23. 23.

    García-Holgado, A., García-Peñalvo, F.J.: Human interaction in learning ecosystems based in Open Source solutions. In: Learning and Collaboration Technologies. Design, Development and Technological Innovation. 5th International Conference, LCT 2018. Held as Part of HCI International 2018, Las Vegas, NV, USA, 15–20 July 2018, vol. 10924. Springer International Publishing (2018). https://doi.org/10.1007/978-3-319-91743-6_17

  24. 24.

    Rubio Royo, E., Cranfield McKay, S., Nelson-Santana, J.C., Delgado Rodríguez, R.N., Ocon-Carreras, A.A.: Web knowledge turbine as a proposal for personal and professional self-organisation in complex times: application to higher education. J. Inf. Technol. Res. 11(1), 70–90 (2018). https://doi.org/10.4018/JITR.2018010105

  25. 25.

    García-Holgado, A., García-Peñalvo, F.J.: A metamodel proposal for developing learning ecosystems. In: Zaphiris P., Ioannou A. (eds.) Learning and Collaboration Technologies. Novel Learning Ecosystems. 4th International Conference, LCT 2017. Held as Part of HCI International 2017, Vancouver, BC, Canada, 9–14 July 2017. Proceedings, Part I, vol. 10295, pp. 100–109. Springer International Publishing (2017). https://doi.org/10.1007/978-3-319-58509-3_10

  26. 26.

    García-Peñalvo, F.J., Durán-Escudero, J.: Interaction design principles in WYRED platform. In: Zaphiris P., Ioannou A. (eds.) Learning and Collaboration Technologies. Technology in Education. 4th International Conference, LCT 2017. Held as Part of HCI International 2017, Vancouver, BC, Canada, 9–14 July 2017. Proceedings, Part II, pp. 371–381. Springer International Publishing (2017). https://doi.org/10.1007/978-3-319-58515-4_29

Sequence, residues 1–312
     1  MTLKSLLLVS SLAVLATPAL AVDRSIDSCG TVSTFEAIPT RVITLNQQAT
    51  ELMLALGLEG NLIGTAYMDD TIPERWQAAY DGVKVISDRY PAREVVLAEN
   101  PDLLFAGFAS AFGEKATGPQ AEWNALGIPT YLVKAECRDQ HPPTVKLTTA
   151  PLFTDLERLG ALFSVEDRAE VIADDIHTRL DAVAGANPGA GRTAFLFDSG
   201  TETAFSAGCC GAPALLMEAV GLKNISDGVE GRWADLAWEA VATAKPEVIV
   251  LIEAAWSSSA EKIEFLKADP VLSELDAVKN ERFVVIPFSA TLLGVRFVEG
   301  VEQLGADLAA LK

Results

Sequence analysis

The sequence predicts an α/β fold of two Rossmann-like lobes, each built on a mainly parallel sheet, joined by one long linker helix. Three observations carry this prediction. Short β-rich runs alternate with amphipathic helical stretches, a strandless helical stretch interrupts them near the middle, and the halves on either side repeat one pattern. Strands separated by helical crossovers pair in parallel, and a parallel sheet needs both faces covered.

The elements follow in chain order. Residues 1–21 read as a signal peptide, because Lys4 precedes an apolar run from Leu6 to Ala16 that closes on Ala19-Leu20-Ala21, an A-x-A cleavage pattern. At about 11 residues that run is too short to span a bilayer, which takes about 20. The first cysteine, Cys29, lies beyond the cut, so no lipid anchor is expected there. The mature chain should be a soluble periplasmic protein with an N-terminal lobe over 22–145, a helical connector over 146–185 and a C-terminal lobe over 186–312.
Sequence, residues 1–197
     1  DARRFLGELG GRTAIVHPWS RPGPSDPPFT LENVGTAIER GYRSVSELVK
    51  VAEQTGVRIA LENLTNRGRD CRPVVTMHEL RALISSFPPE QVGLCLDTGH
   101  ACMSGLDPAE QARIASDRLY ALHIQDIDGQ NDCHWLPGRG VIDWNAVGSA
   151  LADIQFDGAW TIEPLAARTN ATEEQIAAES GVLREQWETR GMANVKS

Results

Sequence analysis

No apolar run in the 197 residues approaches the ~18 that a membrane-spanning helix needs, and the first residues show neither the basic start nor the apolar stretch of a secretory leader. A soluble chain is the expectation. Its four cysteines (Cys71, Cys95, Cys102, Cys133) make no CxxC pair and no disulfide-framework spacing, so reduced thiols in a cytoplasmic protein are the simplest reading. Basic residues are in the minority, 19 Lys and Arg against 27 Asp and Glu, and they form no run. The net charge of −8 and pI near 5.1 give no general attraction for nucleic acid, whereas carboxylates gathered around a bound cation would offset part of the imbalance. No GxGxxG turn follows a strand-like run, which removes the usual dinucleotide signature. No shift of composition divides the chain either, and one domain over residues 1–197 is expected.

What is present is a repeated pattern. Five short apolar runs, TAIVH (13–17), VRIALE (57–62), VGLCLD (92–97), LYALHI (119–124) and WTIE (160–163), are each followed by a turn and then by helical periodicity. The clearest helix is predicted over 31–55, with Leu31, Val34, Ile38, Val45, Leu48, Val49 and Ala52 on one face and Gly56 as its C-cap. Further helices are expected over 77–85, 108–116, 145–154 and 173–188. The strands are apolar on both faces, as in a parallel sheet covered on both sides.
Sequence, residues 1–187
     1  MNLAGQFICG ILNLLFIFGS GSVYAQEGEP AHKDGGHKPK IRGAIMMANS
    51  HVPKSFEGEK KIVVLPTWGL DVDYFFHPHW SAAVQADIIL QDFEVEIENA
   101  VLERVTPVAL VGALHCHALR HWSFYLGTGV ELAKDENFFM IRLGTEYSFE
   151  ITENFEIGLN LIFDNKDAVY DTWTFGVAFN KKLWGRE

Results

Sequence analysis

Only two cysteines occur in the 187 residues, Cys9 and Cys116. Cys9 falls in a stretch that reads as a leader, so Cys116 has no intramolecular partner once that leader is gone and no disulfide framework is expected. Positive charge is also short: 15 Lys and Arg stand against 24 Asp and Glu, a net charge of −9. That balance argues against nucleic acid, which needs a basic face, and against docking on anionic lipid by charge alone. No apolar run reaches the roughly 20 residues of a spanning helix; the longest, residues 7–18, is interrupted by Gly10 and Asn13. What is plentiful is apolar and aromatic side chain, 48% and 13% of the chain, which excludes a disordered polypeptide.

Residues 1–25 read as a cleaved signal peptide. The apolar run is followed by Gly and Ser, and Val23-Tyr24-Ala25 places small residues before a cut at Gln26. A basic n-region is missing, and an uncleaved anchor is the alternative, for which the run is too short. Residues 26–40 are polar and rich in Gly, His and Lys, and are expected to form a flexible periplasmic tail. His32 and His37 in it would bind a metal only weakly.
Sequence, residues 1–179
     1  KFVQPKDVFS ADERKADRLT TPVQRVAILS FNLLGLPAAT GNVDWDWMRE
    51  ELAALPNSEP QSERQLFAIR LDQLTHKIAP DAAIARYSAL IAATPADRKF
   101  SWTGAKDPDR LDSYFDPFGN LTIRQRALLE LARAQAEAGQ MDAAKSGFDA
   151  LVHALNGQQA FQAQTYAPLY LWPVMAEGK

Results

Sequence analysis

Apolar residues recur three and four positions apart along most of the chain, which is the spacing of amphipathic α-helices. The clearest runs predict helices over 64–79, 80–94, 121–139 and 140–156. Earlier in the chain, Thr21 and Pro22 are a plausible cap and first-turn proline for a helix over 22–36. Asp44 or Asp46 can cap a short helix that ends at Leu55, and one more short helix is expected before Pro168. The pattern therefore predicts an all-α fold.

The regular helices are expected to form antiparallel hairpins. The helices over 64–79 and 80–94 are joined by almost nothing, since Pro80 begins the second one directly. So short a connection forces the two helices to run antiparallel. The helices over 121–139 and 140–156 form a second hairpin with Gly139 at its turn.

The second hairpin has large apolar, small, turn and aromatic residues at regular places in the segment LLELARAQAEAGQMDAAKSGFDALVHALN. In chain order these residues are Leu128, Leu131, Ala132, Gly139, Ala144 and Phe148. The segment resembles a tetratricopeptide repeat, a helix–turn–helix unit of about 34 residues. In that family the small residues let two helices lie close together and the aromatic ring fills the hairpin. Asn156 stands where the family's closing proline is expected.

27. 27.

    Mening, R.: WordPress vs Joomla vs Drupal + CMS “comparison chart” (2014). http://websitesetup.org/cms-comparison-wordpress-vs-joomla-drupal/. Accessed 17 July 2019

  28. 28.

    Rackspace: CMS Comparison: Drupal, Joomla and Wordpress (2013). https://support.rackspace.com/how-to/cms-comparison-drupal-joomla-and-wordpress/. Accessed 17 July 2019

  29. 29.

    WYRED Consortium (2018) Platform v2. WP3_D3.3. V1.2. https://doi.org/10.5281/zenodo.1248813

  30. 30.

    Ministerio de Educación Cultura y Deporte: Datos y cifras del sistema universitario español. Curso 2015/2016. Ministerio de Educación, Cultura y Deporte, Madrid, Spain (2016)

  31. 31.

    Chin, J.P., Diehl, V.A., Norman, K.L.: Development of an instrument measuring user satisfaction of the human–computer interface. In: Proceedings of the SIGCHI Conference on Human Factors in Computing Systems, pp. 213–218. ACM (1988)

  32. 32.